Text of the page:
The EU defines the Silver Economy as “the sum of all economic activity that serve the needs of people aged 50 and over, including the products and services they purchase directly and the further economic activity this spending generates.” It stretches across all sectors (public and private) of the economy, including health and nutrition, leisure and well-being, finance and transport, housing, education and employment.
Senior citizens are becoming more prominent in the economy and this is due to continue into the 2020s. Those who are over the age of 65 tend to have higher incomes than any other segment of the population, especially in developed countries. Their income has risen even more due to retirement and they also tend to have more needs than younger people, such as medical care.
Seniors are also growing rapidly in number: There are currently 750 million seniors in the world, and that figure will cross the 1 billion mark by 2030.
Because of the higher incomes and growing numbers, the share of seniors (50+) within the ‘consumer class’ is rapidly growing. The consumer class – defined as those who spend at least $11 per day – is expected to grow from 3.9 billion in 2020 to 5.6 billion by 2030. Within the consumer class, all age groups will contribute to this growing number, except for the senior age group which will surge by 66 percent during this decade!
Seniors (and older professionals – 45-64 years) are the wealthiest group in the world. The larger growth in this group will initially be in the Western countries – North America and Europe. The reason for this is not because older people are richer but because mature economies are aging and poorer countries are younger.
Today, the spending power of the silver economy is equally divided between North America, Europe, and Asia.
But over time, the silver economy will shift from more developed, Western countries to the emerging markets, primarily South Asia and the Pacific Rim. By 2030, it is projected that Asia’s share in the silver economy will exceed $5 trillion annually. This growth will be primarily in China and India. Japan’s senior spending is beginning to plateau.
Certainly at the top of the list of business sectors who will benefit from the growing Silver Economy will be senior living options, the pharmaceutical industry, and drug stores. But, there are other sectors that can grow with this Silver Economy’s growth.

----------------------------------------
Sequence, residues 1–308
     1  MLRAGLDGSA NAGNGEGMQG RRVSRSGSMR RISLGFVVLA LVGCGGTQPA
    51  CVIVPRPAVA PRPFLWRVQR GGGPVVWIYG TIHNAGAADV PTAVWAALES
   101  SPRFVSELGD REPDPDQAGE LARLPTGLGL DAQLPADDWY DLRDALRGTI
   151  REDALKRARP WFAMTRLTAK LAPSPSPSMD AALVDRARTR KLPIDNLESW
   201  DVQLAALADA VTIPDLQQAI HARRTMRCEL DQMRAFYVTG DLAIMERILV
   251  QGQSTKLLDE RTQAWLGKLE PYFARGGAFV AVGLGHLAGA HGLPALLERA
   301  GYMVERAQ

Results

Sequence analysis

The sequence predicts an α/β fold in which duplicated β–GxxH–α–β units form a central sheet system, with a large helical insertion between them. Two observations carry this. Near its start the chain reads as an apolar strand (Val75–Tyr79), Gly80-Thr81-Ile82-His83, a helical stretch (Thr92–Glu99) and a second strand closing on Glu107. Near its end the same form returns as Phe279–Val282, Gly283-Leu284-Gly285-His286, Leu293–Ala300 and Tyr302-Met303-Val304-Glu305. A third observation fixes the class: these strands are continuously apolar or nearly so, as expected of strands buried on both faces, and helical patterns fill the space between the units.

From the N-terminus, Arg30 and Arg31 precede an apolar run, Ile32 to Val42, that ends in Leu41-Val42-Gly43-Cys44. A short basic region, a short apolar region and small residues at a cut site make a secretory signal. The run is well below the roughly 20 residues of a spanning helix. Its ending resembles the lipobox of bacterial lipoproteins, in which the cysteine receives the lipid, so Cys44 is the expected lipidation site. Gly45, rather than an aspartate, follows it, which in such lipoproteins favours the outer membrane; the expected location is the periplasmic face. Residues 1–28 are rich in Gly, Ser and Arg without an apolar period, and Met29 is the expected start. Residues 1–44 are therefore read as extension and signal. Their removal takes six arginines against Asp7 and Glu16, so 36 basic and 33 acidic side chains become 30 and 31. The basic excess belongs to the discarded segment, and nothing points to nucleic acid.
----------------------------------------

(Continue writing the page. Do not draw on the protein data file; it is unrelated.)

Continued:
As this huge baby boomer generation continues to age, more and more of them will be needing services and support for their ‘activities of daily living’ (ADLs). This will translate into a growing demand for assisted living communities and nursing home facilities. High occupancy rates are great for these businesses and the demand will create new staffing needs, medical services, and related construction services, etc.
As we age, we tend to require more and more medications to manage the increasing ailments. This business sector currently shows strong revenue performance. And that will only continue to grow into the future.
As the population ages, the demand for medical support industries will grow. Even though there has been some contraction in profits in the recent past in some of the medical services sector, the demand will be there and the businesses that can maximize their business model will see strong growth.
As with all population segments, Baby Boomers are increasingly buying products and services through online portals. More than half of Baby Boomers prefer shopping online during the holiday season. [Deloitte] Companies should be maximizing their online marketing and shopping portals.
According to Retail Dive, Baby Boomers increased their spending on new clothes by 28 percent compared to before the pandemic. Gone are the days of the monochromatic ‘track suites’ for the elderly.
According to Deloitte, 59% of baby boomers are willing to pay more for socially compliant, sustainable products. Also, roughly half of baby boomers are interested in food products like probiotics and vitamins.
Prior to the pandemic, baby boomers planned to spend $7,800 on travel, or approximately 4-6 leisure trips each year. How the travel and vacation businesses speak to baby boomers will allow them to tap into this spending. [AARP]
As a percentage of annual spending, baby boomers (6.0% – $3,801) outspend Millennials (4.5% – $2,391) and Gen Xer’s (5.3% – $3,921) in entertainment expenses. The bulk of this spending goes towards subcategories like fees and admissions; television, radio and sound equipment; entertainment supplies, equipment and services. [The Bureau of Labor Statistics’ 2018 Consumer Expenditure report]
The “silver economy” can be a powerful source of new products, services and jobs. Population ageing has a real potential to create a new market and opportunity for innovators to respond to the unmet needs of the ageing population, this includes the rising demand for leisure and services by retirees in good health.
Contact our team today to explore ways that your business can take advantage of this growing business sector.